Jennifer Janowski is Director of Clinical Strategy, Child and Adolescent Health, Nicole Truhe is Senior Director of Policy, Medicaid, and Dr. Arethusa Kirk is Vice President of Clinical Strategy with UnitedHealthcare Community & State.
From birth to age six, children experience enormous physical, developmental, social, and emotional growth. Consistent health care checkups and preventive care, including screenings and immunizations, help ensure a child is on track to reach developmental milestones.
The benefits of health care in early childhood can last a lifetime. According to the American Academy of Pediatrics (AAP), children without access to adequate health care often experience long-term harm, ending up in poorer health, with less educational attainment and less financial security in adulthood.1
The benefit of continuous health care coverage
Approximately 41 million children are insured via Medicaid or the Children’s Health Insurance Program (CHIP).2 However, continuous coverage policies for these programs differ from state to state. States currently have the option to extend 12 months of continuous coverage to children but just over half have done so.3
Without continuous coverage policies in place, children are at risk of losing Medicaid or CHIP coverage for administrative or procedural reasons during the annual redetermination process. When this occurs, it can result in gaps in coverage that can cause children to miss or delay important checkups.
Starting January 1, 2024, due to a provision in the Consolidated Appropriations Act of 2023, all states will be required to provide 12 months of continuous coverage for children up to the age of 19 in both Medicaid and CHIP.
Some states are rethinking their Medicaid enrollment policies in order to keep children continuously insured for even longer periods than 12 months. Maintaining health coverage would help children avoid gaps in care. A multiyear, continuous eligibility policy would also be a tool to help further reduce disparities in churn rates and promote health equity.4,5
Preventing gaps in medical coverage for children
UnitedHealthcare Community & State recognizes that medical care for children takes place in many settings, including school health centers, childcare programs, home visiting programs and a wide range of acute and subacute care facilities. We believe a concerted effort to deliver care that includes families, providers, and advocates is necessary to help ensure a better future for kids.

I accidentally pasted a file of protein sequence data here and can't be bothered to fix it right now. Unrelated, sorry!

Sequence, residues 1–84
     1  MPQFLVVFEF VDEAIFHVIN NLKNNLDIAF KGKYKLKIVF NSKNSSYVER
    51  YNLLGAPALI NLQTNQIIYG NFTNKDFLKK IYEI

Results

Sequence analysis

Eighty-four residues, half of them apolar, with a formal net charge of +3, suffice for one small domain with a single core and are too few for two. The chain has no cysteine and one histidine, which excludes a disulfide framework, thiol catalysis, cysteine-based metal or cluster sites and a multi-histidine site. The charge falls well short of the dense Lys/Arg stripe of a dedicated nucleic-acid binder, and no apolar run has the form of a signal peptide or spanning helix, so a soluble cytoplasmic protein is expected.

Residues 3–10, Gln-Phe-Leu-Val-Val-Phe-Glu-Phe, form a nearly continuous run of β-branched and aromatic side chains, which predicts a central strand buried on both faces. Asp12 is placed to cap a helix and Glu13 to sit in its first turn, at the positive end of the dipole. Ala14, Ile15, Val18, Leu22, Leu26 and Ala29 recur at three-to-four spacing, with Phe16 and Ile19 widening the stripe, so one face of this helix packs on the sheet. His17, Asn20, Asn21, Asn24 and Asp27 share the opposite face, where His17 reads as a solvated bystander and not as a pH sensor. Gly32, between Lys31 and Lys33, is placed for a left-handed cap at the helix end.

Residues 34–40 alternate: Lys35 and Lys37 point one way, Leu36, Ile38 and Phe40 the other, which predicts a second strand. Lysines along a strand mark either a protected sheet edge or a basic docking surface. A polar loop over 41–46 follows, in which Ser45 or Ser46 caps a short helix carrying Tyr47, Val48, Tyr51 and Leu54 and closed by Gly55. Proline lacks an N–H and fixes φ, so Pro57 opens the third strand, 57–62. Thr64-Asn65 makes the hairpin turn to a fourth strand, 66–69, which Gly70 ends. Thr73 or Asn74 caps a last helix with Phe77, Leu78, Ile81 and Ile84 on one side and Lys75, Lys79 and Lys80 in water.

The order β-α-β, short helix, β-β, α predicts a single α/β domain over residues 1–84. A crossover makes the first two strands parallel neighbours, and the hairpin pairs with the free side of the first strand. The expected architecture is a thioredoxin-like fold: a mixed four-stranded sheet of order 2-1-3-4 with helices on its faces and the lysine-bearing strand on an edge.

A policy of continuous coverage means we can ensure more children receive access to the preventive care and health screenings and treatment needed to support their development. In addition, such a policy supports parents to stay connected and engaged in their own health and the health of their children.
States act on continuous care policy
Several states, including California, New Mexico, Oregon and Washington have already submitted Medicaid waivers to the Centers for Medicare & Medicaid Services, or are in the process of developing these requests to obtain authority to institute multiyear continuous eligibility for the children served in their Medicaid programs. Oregon’s waiver was recently the first such waiver approved. The state is now authorized to provide continuous eligibility for children until they reach age six, continuous two-year eligibility for children and adults ages six and older regardless of changes in circumstances, and extended eligibility and benefits for youth with special health care needs up to age 26 with income levels up to 300% of the federal poverty level.6
Continuous eligibility allows states to help more children receive reliable and affordable health care at ages that are foundational for overall development and sets the stage for a successful transition to a school environment. Longer term, the experience of greater health equity as a child can potentially mean better holistic health outcomes as an adult.
- American Academy of Pediatrics Transition Plan for Healthy Children Opens in a new window
- December 2022 Medicaid & CHIP Enrollment Data Highlights Opens in a new window
- Continuous Coverage in Medicaid and CHIP Opens in a new window
- Implications of Continuous Eligibility Policies for Children’s Medicaid Enrollment Churn Opens in a new window
- American Academy of Pediatrics Statement on Fiscal Year 2023 Omnibus Package Opens in a new window
- Oregon Health Authority Medicaid Policy Opens in a new window